- As for the reason that only one station was hearing the tracker, I can t say. I can tell you that EVERY RTrak-HAB that we built is paired to a single MX145HMessage 1 of 36 , Sep 6, 2012View SourceAs for the reason that only one station was hearing the tracker, I can't say. I can tell you that EVERY RTrak-HAB that we built is paired to a single MX145H transmitter module and THEN all final alignments and tests are done using that particular module. That includes our final deviation alignment which is set a little hot, around the 4 kHz mark. We found that when down at around 3.5 kHz, the packet is a little "weak" and doesn't get reliably decoded.
So I guess that poses the question, was the deviation re-adjusted by anyone prior to the launch? The soft slider in the config software is extremely sensitive to even the slightest movement. We align every tracker with a full blown RF service monitor that allows us to have a good measure on the transmitted tone deviation. When we made a change to the voltage divider circuit that interfaces the OpenTracker to the MX145H, we found that the audio had much more punch, but also needed to be set well down on the soft slider. The original values did not provide enough audio and even at the full max level, still only gave us 2-2.5 kHz deviation.
Jason Rausch - KE4NYV
RPC Electronics, LLC
--- In RTrak@yahoogroups.com, "Lynn W. Deffenbaugh (Mr)" <ldeffenb@...> wrote:
> On 9/6/2012 12:54 PM, James Ewen wrote:
> > Let me guess, you're basing this opinion on data gleaned from the
> > APRS-IS stream where only a small portion of the data is available.
> No, he's basing that opinion on the fact that he and I were in an APRS
> QSO while the balloon was in flight and there were numerous RF-enabled
> APRSISCE/32 instances well within the balloon's footprint but his was
> the ONLY station report ANY receptions of the balloon.
> In every other HAB I've monitored, even pre-APRSISCE/32's unfiltered RF
> feed, at least a FEW packets would get far enough out to hit a delaying
> gate and show up with a line or two. In this case, every single packet
> was gated by his mobile IGate alone.
> I'd suggest just taking the balloon's tracker out and see if any device
> other than the mobile (what was the radio in your mobile IGate anyway)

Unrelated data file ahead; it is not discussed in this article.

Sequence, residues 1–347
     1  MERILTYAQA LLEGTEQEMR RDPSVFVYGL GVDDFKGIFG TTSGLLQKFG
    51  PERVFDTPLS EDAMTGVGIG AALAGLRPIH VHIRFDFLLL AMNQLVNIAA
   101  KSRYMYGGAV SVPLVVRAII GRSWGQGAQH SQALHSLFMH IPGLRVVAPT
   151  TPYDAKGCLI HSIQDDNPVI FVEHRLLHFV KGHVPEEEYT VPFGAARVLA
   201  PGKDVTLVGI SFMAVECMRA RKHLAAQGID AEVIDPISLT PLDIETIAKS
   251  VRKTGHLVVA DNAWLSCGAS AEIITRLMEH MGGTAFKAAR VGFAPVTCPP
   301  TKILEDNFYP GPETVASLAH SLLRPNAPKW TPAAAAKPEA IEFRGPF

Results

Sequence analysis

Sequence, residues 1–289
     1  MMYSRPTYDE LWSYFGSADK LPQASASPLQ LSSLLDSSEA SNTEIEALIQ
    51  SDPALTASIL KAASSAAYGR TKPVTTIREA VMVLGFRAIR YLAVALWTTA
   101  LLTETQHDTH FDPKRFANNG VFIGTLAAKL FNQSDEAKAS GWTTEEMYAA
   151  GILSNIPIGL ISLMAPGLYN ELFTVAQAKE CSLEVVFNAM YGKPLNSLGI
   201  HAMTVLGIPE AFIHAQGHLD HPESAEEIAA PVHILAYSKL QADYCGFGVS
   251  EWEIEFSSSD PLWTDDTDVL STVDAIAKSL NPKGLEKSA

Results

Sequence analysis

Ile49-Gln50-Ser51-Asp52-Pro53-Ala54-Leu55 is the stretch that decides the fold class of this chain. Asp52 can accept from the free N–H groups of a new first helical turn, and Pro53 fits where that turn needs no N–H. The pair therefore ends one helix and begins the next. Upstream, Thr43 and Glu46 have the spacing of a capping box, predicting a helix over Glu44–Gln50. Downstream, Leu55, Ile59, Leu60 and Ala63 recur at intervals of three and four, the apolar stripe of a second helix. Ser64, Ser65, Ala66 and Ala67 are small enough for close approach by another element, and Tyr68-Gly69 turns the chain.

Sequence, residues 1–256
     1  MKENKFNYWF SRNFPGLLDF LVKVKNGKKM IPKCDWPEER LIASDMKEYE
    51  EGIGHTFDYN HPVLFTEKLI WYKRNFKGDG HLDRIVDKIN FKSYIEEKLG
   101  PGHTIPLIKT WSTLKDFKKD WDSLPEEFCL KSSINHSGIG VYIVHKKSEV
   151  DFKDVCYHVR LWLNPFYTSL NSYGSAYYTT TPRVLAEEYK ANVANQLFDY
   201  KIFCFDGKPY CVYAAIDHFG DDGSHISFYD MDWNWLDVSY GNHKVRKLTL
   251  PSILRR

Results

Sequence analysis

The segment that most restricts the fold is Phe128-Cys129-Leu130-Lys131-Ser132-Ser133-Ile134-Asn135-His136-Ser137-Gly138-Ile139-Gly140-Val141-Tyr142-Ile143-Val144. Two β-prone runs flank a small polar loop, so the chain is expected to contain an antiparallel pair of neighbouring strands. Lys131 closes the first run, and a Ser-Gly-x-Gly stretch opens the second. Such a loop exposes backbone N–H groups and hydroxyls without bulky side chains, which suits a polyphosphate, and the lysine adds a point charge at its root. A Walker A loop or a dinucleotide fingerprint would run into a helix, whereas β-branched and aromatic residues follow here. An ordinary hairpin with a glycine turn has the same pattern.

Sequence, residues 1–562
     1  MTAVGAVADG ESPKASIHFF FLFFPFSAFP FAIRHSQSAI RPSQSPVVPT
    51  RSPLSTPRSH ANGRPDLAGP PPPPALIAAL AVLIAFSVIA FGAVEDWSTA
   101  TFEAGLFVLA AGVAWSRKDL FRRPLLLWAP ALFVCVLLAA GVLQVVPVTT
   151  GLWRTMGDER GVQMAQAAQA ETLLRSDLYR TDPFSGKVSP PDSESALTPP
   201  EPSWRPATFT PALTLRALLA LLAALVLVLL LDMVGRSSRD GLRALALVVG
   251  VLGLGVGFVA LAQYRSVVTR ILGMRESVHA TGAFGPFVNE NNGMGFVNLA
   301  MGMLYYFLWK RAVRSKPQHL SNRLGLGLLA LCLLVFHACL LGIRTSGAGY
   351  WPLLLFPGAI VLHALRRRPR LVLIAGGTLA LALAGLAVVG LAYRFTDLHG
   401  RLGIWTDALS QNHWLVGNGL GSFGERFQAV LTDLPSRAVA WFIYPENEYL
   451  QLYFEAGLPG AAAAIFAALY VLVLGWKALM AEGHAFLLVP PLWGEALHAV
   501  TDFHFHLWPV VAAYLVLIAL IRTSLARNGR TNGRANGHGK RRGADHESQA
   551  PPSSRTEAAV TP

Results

> receives it.
> Lynn (D) - KJ4ERJ - Author of APRSISCE for Windows Mobile and Win32
> PS. His mobile IGate was also gating stuff for many stations around,
> not always first.
- Ben KF7VZR (got that from a June 22 message) wrote... ... Deviation is important. If it s too high (within limits) nearby stations may still be able to decodeMessage 36 of 36 , Sep 6, 2012View SourceBen KF7VZR (got that from a June 22 message) wrote...
> My documentation says nothing about TX audio level...Deviation is important. If it's too high (within limits) nearby stations
> They've both been played with...
may still be able to decode the tones. Distant ones where your signal
is weaker may not be able to. You have probably heard this on a voice
repeater or even on simplex. A distant and noisy station can be copied
via a repeater if he backs off from the mic. If he starts shouting, the
deviation goes up. More energy is outside the passband of the receiver
and eventually the signal is too noisy to copy or the squelch might
even close. If you are simplex, you can try opening your squelch. If
you are on a repeater, you're out of luck. It's the same with packet.
You are better off having the deviation set properly. It can be done
by ear, but a deviation meter or service monitor would be better.
Lacking one, just crank the deviation all of the way up and then
start turning it down. When it starts to sound quieter, turn it down
some more. It will get you in the ballpark, but checking the actual
deviation would be better.
Perhaps you could check the actual deviation before you change
anything. So... could over-deviation explain why only one iGate
73 es cul - Keith VE7GDH
"I may be lost, but I know exactly where I am!"